theteapixie May 24, 2013 at 12:37 am

Alli, I love the way you have represented this struggle as something as simple as a packed bag of groceries.

I have had the misfortune of being part of a meeting where attendees were comparing the number of hours they each worked in a week. It was a competition whereby numbers like 80 hours a week were being thrown around. Of course, no one discussed how productive they were during those hours.

As I am sure you know, it is easy to let work become somewhat of an addiction, as multi-tasking can also become an addiction. The two are definitely linked. I don’t know if there is any research on this topic, but I believe there is a place for multi-tasking, with limits. I just wish I knew the equation for those limits. I have had to make conscious efforts to balance out work, parenting, and down time.
I love having time to listen to the birds sing in the morning and to watch my pixie play sports in the afternoon.

I focus on how I pack items into my shopping bag, ensuring that all of the pieces fit together like a puzzel, and that the luxury items are balanced with staples and nutrition. If I can’t carry the bag, everything falls out and some of the items are damaged. I could blame the bag, but in the end, it’s all about my planning skills.


Alli Polin May 24, 2013 at 9:27 am

Amazing how long hours and giving up our lives becomes a badge of honor. Crazy! What you wrote about productivity really rings true too. There is an element of keeping up appearances. How can I leave at 5:30 or 6:00 even if I’m done my work and prepped for the next day if everyone else is staying until 9:00… I don’t want to be the one that looks like a slacker. It’s an awful cycle to get stuck in and all too common.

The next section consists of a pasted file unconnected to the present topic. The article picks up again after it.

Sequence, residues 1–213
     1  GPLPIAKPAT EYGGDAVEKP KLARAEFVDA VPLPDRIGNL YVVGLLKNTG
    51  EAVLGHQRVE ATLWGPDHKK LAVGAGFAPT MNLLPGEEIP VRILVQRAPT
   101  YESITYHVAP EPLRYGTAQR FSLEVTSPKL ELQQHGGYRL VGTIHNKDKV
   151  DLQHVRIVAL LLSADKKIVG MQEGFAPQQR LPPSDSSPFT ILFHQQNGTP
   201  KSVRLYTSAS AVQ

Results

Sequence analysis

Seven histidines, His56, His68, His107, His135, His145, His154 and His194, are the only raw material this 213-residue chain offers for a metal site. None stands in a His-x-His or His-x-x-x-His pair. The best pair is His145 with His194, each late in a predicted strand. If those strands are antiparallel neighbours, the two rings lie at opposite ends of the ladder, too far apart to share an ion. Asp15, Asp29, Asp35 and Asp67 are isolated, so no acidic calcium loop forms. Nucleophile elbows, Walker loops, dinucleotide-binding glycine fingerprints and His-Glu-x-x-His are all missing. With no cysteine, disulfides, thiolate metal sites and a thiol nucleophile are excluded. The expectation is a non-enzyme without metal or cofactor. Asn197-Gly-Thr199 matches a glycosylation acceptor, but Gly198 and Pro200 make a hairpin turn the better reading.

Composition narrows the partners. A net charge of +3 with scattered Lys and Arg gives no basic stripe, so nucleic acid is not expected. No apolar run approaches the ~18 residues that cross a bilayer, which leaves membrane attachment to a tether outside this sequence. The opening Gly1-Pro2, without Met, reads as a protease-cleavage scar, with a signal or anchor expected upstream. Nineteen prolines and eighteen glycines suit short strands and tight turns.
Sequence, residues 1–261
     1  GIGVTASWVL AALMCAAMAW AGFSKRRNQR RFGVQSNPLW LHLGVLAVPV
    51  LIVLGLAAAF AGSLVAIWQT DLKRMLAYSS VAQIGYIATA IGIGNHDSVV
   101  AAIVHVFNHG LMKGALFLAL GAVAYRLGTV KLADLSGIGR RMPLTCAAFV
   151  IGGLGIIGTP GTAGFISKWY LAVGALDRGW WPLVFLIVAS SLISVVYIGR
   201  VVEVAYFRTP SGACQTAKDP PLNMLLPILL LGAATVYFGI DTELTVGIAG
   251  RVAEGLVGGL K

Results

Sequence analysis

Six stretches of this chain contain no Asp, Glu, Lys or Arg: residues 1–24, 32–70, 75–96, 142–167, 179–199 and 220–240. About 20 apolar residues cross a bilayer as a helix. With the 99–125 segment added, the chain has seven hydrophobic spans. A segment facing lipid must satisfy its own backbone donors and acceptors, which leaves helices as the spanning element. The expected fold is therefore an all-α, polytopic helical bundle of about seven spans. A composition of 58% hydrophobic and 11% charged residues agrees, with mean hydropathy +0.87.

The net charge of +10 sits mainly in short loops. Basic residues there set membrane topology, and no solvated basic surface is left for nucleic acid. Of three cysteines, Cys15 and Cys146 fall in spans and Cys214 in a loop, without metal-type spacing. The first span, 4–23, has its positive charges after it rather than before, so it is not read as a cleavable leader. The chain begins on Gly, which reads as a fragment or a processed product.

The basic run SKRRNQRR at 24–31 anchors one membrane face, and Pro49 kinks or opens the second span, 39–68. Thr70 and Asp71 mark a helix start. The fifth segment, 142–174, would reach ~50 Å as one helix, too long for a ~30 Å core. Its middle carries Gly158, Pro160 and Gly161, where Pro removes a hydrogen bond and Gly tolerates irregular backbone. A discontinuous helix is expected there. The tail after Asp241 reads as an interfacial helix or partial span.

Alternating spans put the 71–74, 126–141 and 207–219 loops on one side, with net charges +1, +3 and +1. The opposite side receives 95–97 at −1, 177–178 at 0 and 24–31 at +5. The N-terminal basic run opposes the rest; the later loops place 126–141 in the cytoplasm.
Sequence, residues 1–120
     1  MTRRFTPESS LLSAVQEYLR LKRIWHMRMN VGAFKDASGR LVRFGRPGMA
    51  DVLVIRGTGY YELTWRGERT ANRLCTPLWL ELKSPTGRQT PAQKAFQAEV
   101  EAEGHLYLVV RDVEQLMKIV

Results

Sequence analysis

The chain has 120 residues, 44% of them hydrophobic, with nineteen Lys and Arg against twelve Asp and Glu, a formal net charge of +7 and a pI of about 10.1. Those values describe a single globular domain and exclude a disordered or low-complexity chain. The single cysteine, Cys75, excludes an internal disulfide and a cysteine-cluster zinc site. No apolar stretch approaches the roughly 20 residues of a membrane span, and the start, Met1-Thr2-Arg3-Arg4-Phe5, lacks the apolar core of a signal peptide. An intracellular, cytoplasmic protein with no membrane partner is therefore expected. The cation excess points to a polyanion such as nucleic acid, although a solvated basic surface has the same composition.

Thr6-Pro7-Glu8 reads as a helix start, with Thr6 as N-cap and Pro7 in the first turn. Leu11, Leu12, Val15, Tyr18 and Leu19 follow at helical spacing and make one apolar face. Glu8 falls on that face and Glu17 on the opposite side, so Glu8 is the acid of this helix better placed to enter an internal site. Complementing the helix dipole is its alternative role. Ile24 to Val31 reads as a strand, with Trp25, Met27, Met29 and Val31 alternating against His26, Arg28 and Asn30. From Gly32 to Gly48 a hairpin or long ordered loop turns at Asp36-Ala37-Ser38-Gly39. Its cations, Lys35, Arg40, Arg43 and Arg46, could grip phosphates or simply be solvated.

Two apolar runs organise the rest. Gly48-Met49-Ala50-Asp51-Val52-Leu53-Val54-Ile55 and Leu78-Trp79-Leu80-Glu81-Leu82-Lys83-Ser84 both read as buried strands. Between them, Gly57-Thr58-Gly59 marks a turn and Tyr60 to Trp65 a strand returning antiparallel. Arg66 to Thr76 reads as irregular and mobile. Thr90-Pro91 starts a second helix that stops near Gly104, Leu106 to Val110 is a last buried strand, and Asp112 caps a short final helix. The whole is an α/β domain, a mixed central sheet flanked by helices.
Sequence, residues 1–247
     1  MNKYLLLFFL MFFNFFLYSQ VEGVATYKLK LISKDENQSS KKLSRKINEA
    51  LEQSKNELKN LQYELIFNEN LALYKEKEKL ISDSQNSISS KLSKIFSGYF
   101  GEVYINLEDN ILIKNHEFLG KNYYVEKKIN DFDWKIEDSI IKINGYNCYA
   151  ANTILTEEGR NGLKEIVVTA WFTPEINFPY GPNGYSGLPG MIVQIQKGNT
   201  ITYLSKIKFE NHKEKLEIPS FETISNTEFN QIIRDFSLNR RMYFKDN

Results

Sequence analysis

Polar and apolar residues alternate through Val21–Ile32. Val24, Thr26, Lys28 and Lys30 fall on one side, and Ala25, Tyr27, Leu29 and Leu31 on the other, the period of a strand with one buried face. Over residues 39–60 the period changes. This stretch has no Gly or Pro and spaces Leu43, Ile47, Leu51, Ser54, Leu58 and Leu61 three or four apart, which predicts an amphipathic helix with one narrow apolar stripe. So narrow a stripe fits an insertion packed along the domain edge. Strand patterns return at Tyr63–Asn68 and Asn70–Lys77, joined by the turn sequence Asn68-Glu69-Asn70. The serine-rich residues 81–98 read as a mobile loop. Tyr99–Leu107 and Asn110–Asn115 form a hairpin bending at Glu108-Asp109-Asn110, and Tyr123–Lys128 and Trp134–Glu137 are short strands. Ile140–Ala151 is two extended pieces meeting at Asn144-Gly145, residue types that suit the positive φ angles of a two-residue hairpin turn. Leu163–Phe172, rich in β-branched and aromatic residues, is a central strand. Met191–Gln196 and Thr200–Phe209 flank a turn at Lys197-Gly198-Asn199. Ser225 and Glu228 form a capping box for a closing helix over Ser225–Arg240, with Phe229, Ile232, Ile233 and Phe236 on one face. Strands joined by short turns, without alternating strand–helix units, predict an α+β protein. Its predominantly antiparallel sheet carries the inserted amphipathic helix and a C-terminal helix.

I’m with you on multi-tasking too. If you figure out the equation – please share it!

“I could blame the bag” < Love it. I've tried it too! Appreciate your insights and comments very much! Thank you!!


James May 10, 2017 at 9:29 am

Unfortunately this rings true for me. The real problem is, sometimes I’m the bag!

My mission: Apply this simple concept to my life today and see how it goes. If it works, great! – time to apply it to my week.


Alli Polin May 10, 2017 at 6:49 pm

Thanks so much for your comment, James! I can totally relate to sometimes feeling like I’m the one who’s the bag 🙂


Gary Gruber December 12, 2017 at 7:13 am

I didn’t see this post back in 2013 but thank goodness for old posts which I have used on occasion and updated, edited or revised, only slightly sometimes. It fits with the recycle, re-use, adaptive life style these days anyway. We used say that trying to put 10 lbs of stuff in a 5 lb. bag is a losing battle from the get-go so why stress out trying. Learning from experience, you should be ahead in the game even if you feel you aren’t sometimes. However, I am confident that when you find yourself in these kinds of situations, you have some good resources to apply and lighten the load. Just do it, my dear.


Alli Polin December 12, 2017 at 7:34 am

I’ve been writing a minimum one post a week for over five years and have a lot of content that’s hidden away. I did revise this one and it feels good to share this one again with some new insights too.

That saying is what happens to me at the store and in life too. “Trying to put 10 lbs of stuff in a 5 lb. bag.” It’s time to acknowledge that even a five-pound bag needs some room too.

Many thanks, Gary!



Chery Gegelman December 13, 2017 at 5:20 pm

Such a great analogy Ali! I learned some huge lessons from trying to pack too much work in my bags. I am much more careful now about what I say yes to. But the pressure to keep adding is frequently there. This is a great reminder as I get ready for 2018! Thank you!